Let’s plant a flag here. No one should be told who they can or cannot marry, and no one should be told as to what gender they should or cannot identify as. With that in mind, let’s talk about Ellen DeGeneres and Caitlyn Jenner.
Jenner recently appeared on The Ellen DeGeneres Show and, in response to DeGeneres’ queries, offered her own stance on gay marriage. Jenner admitted that she still generally holds politically conservative views.
“I have to admit that I remember fifteen, twenty years ago,” she said, “when the whole gay marriage issue came up, I was not for it.”
Jenner was a self-described “traditionalist”, who believed that marriage was an institution between a man and a woman.
“But as time has gone on, I think, like a lot of people on this issue, have really changed my thinking to, ‘I don’t ever want to stand in front of anybody’s happiness,’” said Jenner.
When DeGeneres pressed Jenner, the latter admitted that she was okay with and on board with marriage equality.
“If that word ‘marriage’ is really, really that important to you,” said Jenner, “I can go with it.”
DeGeneres later expressed concern on Howard Stern’s radio show about Jenner’s hesitantly changing views. Marriage equality, as DeGeneres argued, transcends simply conceding the word “marriage” to apply to a same-sex union.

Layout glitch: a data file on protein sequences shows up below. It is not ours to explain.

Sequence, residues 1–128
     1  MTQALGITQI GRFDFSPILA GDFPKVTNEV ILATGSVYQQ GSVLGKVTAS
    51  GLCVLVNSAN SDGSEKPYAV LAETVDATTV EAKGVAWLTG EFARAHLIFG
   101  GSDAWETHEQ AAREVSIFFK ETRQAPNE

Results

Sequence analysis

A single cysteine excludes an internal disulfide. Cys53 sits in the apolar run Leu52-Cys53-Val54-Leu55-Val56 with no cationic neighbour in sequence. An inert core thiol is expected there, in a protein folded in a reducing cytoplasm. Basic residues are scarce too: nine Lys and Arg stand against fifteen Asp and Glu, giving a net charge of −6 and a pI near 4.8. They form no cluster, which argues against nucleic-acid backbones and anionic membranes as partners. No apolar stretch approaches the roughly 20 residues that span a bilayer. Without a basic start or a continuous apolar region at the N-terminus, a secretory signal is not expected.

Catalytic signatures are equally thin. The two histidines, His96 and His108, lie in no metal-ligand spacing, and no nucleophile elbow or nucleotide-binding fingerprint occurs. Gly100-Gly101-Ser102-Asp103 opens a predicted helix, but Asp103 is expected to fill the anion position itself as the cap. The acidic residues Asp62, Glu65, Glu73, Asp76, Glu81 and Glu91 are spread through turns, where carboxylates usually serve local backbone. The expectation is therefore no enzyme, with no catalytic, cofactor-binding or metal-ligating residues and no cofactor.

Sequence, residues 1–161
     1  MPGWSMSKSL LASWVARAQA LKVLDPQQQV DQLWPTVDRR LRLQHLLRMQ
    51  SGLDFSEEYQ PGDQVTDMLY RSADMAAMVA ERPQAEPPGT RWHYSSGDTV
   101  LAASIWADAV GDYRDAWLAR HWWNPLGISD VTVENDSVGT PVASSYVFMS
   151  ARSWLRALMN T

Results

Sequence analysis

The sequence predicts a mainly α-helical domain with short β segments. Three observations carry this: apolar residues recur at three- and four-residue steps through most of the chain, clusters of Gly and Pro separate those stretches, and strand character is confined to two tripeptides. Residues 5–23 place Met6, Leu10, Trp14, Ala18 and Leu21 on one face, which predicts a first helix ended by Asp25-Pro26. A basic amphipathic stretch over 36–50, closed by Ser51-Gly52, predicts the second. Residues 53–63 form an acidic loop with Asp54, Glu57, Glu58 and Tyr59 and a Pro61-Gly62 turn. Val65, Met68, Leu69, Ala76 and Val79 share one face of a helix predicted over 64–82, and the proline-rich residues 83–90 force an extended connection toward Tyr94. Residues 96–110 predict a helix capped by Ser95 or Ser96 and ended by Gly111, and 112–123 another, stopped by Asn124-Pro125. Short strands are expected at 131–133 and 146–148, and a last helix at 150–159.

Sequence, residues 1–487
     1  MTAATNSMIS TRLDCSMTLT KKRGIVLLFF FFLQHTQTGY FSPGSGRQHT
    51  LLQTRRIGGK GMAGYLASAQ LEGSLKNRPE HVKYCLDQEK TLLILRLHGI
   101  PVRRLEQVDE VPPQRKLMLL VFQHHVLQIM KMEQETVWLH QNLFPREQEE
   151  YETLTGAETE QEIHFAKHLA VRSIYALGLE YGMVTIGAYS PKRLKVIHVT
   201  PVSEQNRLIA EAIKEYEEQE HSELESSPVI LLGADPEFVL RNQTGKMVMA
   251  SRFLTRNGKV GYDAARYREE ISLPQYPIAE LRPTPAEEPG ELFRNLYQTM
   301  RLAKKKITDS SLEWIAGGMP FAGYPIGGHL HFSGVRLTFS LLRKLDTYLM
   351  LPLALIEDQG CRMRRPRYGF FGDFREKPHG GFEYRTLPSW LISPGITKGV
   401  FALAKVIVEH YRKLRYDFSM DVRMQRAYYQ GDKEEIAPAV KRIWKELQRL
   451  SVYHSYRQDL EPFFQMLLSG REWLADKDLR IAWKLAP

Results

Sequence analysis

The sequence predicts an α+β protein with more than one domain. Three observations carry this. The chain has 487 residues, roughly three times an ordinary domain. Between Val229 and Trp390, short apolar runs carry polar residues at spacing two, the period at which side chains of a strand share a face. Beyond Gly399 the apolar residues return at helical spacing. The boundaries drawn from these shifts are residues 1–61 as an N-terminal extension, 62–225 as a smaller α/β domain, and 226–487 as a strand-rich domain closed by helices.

“She still has a judgment about gay marriage,” said DeGeneres of Jenner. “I said, ‘you’re wanting people to understand and accept you’, and this is like really confusing to people.”
Back to the flag we planted: DeGeneres is absolutely correct. Marriage equality involves the recognition of the legitimacy, both legal and spiritual, in love between anyone, regardless of their sexual or gender identity.
Jenner has not convinced us that she has come to that conclusion. All she has shown us is that, like many moderate conservatives, she simply does not want to be the villain.
The fact that Jenner self-identified as politically aligned with those who would not understand her gender identity raises questions. But the fact that she is willing to change her mind on this issue should not be forgotten.
Jenner did something brave on DeGeneres’ show. She admitted, implicitly, that she was still uncomfortable with the idea of marriage equality. And then she asserted that her discomfort could be superseded by a moral judgment: that marriage equality ought to be accepted.
Few conservatives will say this and mean it. And, while it is still disheartening to hear the reluctance in Jenner’s voice, it is refreshing to hear someone concede that their discomfort alone should not determine their political and moral judgments.